Daily Update February 28, 2017
Black History recognized in February and Beyond
Carter G. Woodson is credited with recognizing the need and lobbying for special concentration on black history in schools. In February 1926, what began as Negro History Week later evolved into Black History Month. A sampling of those who are remembered each year and are now household names includes:
This year, three lesser known mathematicians who helped win the space race came into the spotlight via the movie, Hidden Figures, the story of Katherine Johnson, Dorothy Vaughan, and Mary Jackson. And of course, the former first family leave their legacy as President Obama completed his two terms in office as the first black president. From activists, athletes, scientists, writers, performers, and politicians, black history is woven into American history.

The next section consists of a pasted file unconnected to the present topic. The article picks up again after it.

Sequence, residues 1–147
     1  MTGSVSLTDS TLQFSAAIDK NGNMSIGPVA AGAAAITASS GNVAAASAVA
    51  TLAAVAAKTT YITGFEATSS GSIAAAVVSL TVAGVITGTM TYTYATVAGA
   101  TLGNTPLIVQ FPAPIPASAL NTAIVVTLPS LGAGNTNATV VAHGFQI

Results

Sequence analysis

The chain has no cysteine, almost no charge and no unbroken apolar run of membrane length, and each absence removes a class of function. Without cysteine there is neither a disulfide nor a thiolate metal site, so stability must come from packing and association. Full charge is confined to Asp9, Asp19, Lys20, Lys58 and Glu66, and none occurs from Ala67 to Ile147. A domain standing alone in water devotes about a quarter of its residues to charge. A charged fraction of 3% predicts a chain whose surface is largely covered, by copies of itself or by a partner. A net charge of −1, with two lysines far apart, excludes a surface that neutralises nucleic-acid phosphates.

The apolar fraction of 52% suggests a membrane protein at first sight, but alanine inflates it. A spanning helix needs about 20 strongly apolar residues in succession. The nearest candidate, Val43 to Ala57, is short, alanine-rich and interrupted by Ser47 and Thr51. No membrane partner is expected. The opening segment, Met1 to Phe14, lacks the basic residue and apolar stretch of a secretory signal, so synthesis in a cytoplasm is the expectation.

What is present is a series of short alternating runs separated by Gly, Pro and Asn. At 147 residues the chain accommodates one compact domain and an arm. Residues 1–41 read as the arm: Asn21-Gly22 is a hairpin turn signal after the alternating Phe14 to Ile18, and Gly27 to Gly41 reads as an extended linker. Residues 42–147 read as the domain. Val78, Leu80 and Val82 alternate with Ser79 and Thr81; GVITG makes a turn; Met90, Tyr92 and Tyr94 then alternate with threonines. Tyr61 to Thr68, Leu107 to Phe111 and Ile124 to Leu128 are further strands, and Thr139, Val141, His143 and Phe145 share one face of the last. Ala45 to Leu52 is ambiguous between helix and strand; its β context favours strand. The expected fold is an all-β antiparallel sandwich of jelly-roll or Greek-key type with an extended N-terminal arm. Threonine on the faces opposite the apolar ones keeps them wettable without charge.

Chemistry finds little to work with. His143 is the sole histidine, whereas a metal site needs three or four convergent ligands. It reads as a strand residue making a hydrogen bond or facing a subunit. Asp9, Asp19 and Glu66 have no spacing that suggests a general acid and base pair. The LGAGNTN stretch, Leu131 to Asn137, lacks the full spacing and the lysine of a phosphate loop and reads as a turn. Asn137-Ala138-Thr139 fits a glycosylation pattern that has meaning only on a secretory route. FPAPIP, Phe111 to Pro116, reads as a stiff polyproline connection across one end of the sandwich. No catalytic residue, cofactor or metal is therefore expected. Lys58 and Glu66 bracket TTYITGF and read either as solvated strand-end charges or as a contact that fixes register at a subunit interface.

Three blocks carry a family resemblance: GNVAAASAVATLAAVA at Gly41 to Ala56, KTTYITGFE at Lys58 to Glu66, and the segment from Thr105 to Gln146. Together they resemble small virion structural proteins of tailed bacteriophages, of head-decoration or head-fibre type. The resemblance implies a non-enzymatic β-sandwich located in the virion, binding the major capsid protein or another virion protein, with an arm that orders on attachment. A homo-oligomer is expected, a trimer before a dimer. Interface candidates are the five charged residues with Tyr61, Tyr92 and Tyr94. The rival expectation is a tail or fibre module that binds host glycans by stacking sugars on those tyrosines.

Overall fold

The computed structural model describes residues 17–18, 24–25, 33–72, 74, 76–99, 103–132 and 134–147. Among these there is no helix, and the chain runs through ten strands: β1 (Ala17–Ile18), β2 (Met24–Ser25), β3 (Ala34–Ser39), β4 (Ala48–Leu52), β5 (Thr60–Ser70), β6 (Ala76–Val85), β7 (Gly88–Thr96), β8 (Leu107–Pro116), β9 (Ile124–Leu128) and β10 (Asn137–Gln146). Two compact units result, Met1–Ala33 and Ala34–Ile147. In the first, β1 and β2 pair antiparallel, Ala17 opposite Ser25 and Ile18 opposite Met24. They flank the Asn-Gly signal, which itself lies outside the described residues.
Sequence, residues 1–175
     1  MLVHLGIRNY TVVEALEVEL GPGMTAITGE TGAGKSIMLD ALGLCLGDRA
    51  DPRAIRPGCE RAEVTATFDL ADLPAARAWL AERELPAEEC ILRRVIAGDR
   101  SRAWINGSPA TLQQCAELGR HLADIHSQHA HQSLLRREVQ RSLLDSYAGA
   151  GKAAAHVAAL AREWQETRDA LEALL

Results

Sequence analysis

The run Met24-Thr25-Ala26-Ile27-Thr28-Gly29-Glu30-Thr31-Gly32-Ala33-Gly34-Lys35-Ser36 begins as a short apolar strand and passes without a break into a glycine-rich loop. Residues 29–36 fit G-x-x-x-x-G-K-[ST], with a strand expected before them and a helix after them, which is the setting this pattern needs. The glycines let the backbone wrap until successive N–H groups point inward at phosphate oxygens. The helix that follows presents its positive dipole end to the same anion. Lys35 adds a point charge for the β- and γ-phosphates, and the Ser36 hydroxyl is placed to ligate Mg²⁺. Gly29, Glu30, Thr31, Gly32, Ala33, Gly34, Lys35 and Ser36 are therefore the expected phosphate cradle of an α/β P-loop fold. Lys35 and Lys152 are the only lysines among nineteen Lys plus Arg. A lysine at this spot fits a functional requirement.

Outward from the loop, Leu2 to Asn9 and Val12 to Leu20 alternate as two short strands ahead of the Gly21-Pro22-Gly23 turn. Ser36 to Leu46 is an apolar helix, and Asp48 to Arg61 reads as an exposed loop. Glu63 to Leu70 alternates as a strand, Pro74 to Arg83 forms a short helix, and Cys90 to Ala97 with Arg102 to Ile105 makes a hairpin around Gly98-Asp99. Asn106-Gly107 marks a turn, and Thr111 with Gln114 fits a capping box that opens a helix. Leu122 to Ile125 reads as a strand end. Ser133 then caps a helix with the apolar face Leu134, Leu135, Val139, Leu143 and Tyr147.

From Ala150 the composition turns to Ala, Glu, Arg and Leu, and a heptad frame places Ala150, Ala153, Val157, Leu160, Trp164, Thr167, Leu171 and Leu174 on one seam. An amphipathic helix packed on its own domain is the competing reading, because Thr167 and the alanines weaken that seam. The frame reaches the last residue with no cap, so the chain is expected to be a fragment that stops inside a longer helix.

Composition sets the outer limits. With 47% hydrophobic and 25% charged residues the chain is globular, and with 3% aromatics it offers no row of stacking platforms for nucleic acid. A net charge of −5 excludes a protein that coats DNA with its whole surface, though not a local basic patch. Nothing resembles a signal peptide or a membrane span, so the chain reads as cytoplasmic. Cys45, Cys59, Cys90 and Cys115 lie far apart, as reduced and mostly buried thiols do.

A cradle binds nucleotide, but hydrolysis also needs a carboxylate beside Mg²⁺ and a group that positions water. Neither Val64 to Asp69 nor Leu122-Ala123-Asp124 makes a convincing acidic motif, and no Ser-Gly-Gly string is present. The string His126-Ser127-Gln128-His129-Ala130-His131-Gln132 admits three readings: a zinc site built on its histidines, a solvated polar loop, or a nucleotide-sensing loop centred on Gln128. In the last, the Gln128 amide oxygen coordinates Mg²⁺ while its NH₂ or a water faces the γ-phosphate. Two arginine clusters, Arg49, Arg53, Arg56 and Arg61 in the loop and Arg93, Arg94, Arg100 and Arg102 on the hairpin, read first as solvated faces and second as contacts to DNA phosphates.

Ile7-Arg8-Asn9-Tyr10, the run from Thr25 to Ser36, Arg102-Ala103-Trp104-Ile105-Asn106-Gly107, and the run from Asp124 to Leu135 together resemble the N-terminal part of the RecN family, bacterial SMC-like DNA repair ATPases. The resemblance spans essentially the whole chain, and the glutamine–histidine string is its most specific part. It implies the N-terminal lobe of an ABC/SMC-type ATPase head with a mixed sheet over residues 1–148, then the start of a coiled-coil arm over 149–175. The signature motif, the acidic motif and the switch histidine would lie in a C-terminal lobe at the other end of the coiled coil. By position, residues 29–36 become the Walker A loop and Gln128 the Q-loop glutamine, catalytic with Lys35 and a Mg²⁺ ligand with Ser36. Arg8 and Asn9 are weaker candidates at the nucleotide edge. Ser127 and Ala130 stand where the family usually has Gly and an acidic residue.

Foster families and child care workers have the opportunity to continue exploration through February and beyond. Discover the people and places that make America rich in history, beginning with some of the places in our state of Georgia:
PBS provides book-and-activity-recommendations for helping children embrace black history and diversity. Link to resources:
Recognition of black history need not end in February.
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